Cloudesley: A Tale (1830) is the fifth novel published by eighteenth-century philosopher and novelist William Godwin.
William Meadows, the son of the curate of Epworth in North Lincolnshire, is sent to sea as a boy after his father dies. He finds himself ill-suited to a nautical life and leaves the ship at Archangel in Russia in the final years of the reign of Peter the Great (the 1720s). He falls foul of John Ernest Biren, the principal minister of Empress Anna, who ruled Russia from 1730–1740 and returns to England. His sister and brother-in-law rent a farm from. Earl Danvers (Richard Herbert) of Axholme. Lord Danvers, who has seen some of William's correspondence with his sister from his time in Russia, invites him to Millwood Park; he is fifty, a widower with one remaining son, Lord Bardsley who is 11. Lord Danvers, a solitary man with a tendency to melancholy, gives William the job of secretary and reveals his extraordinary history. Richard dislikes his status and financial prospects as a younger son whose brother, Arthur, will inherit the earldom from their cousin, Robert. When Arthur unexpectedly dies in a duel in Austria and his wife, Irene, dies shortly after giving birth, Richard hides the identity of his infant nephew. Arthur's servant, Cloudesley, brings up the boy in Italy and marries the servant of the boy's mother, Eudocia. They call him Julian Cloudesley. Richard returns to England and marries Selina and they have four children. All but one of them die at the age of eleven, and Selina dies. Cloudesley tries to convince Richard that he should reveal his secret and restore the boy to his position and entitlements, but Richard refuses. Eudocia dies, and Cloudesley goes to Britain to confront Richard, but when he is away Cloudesley's friend, Borromeo, with whom he has left the 18-year-old Julian, writes to say that Julian has gone missing. Julian found it difficult to live with Borromeo, a blue beard character, and left to join his friends in the countryside whom he does not know belong to a group of bandits. Cloudesley is shot by one of the bandits, Francesco, and his secret about Julian's birth is left with his misanthropic friend, Borromeo. Robert dies, making Richard Baron Alton and Earl Danvers. Having formed a close bond with the chief bandit, St. Elmo, Julian returns to them. Borromeo writers to Lord Danvers to tell him of Cloudesley's death and of Julian's disappearance. Danvers sends Meadows to find Julian, who is now 21. Julian is about to be executed with the rest of the bandits. Meadows asks the consul-general to intervene, but he is only prevailed upon to do so when Lord Danvers arrives to confess his guilt. Danvers is dangerously ill and has recently lost his last child. St. Elmo, Francesco, and the rest of the gang are executed and Julian is released. Lord Danvers is buried according to his wishes in an unmarked grave in Naples. Witnesses are produced in England to corroborate the truth of Julian's birth for the English courts, and Meadows writes to Borromeo to inform him of what has happened. Borromeo learns that “The true key of the universe is love” (289). He renounces his misanthropy and proclaims that the most important human trait is “disinterested affection” (289).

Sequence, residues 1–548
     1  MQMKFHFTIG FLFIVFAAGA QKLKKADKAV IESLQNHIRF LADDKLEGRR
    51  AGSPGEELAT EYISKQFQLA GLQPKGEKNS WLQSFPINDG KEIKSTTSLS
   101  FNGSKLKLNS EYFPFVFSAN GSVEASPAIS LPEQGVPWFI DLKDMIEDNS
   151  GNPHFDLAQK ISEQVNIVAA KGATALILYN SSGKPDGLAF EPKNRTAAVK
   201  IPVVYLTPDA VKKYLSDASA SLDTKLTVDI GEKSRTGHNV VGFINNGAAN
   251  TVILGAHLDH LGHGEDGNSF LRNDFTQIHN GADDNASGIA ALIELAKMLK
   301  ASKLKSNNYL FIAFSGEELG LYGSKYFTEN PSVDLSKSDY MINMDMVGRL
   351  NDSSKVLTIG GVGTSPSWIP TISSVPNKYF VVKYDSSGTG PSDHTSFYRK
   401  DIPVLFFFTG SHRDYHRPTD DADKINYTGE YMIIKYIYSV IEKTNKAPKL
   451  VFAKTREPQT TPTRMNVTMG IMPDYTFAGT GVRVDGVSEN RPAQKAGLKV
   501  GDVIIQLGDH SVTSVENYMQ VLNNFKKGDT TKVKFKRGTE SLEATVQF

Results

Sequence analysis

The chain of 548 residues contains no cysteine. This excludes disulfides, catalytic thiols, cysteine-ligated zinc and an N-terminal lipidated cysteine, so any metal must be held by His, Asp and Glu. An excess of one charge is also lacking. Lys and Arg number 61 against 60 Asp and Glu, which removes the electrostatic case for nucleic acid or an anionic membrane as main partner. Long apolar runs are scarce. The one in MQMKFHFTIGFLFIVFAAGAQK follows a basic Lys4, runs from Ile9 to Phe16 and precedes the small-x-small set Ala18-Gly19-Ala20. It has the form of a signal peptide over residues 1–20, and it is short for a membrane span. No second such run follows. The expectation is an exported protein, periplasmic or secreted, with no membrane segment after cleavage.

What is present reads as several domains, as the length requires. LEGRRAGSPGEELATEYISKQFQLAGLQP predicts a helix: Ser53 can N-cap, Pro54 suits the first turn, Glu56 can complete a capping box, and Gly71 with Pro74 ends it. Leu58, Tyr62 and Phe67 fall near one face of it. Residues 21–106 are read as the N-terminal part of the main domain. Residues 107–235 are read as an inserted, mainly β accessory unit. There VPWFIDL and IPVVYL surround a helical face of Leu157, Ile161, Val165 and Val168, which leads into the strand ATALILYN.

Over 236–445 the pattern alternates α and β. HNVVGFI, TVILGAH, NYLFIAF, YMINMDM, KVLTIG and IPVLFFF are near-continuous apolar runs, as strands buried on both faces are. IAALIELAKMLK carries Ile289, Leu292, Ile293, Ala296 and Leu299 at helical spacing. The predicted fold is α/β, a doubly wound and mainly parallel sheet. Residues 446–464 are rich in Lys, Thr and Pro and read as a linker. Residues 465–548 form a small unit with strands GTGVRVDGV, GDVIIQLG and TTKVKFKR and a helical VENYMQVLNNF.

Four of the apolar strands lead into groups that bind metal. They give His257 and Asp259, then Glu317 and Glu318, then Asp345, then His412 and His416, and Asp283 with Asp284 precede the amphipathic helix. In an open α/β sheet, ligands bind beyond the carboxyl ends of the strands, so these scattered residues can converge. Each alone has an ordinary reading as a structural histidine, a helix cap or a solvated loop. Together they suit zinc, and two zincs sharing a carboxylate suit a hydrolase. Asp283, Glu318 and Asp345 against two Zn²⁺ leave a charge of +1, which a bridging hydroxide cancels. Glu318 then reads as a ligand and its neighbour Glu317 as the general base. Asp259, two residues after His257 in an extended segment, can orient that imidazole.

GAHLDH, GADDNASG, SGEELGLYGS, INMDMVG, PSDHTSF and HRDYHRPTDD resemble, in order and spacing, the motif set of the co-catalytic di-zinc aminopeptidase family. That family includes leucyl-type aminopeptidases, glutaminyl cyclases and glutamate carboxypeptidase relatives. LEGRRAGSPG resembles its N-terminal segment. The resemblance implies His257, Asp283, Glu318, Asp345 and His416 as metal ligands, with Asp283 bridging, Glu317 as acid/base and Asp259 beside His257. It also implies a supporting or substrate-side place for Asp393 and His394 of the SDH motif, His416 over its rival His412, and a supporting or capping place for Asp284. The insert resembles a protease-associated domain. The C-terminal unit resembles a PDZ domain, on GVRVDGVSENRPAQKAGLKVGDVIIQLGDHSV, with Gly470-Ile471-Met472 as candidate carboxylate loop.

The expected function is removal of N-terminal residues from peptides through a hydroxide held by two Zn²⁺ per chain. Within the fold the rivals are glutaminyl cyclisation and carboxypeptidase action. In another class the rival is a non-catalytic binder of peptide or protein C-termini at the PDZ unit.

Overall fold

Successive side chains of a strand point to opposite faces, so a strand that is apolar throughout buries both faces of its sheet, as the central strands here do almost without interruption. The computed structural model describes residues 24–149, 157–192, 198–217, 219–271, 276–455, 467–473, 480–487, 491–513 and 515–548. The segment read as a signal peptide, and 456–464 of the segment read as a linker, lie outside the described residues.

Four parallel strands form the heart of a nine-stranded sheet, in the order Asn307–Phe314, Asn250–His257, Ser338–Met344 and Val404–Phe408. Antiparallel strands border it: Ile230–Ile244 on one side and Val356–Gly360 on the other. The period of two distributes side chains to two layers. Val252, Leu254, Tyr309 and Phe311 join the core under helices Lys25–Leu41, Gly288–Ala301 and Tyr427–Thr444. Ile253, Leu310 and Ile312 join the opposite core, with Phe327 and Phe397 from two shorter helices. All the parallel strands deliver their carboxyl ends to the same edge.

According to the literary scholar Graham Allen, "Cloudesley is a story of deceit and usurpation, fraud and prolonged guilt; but, far more importantly, it is the story of how a man raises himself from crime to transcend not only his own past but the apparently inexorable laws of blood-relations and class divisions." He argues that Cloudesley "is the greatest example of a theme frequently returned to in Godwin’s work, a theme obviously close to his heart: the ability of human beings to transcend the apparent logic of consanguinity and to form parental and filial relations with those to whom they are not related by blood."
- Allen, "Cloudesley; A Tale".
- Allen, Graham. "Cloudesley; A Tale". The Literary Encyclopedia. 27 September 2004. Retrieved on 22 April 2008.
- Godwin, William. The Collected Novels and Memoirs of William Godwin. Cloudesley. Vol. 7. Ed. Maurice Hindle. London: William Pickering, 1992.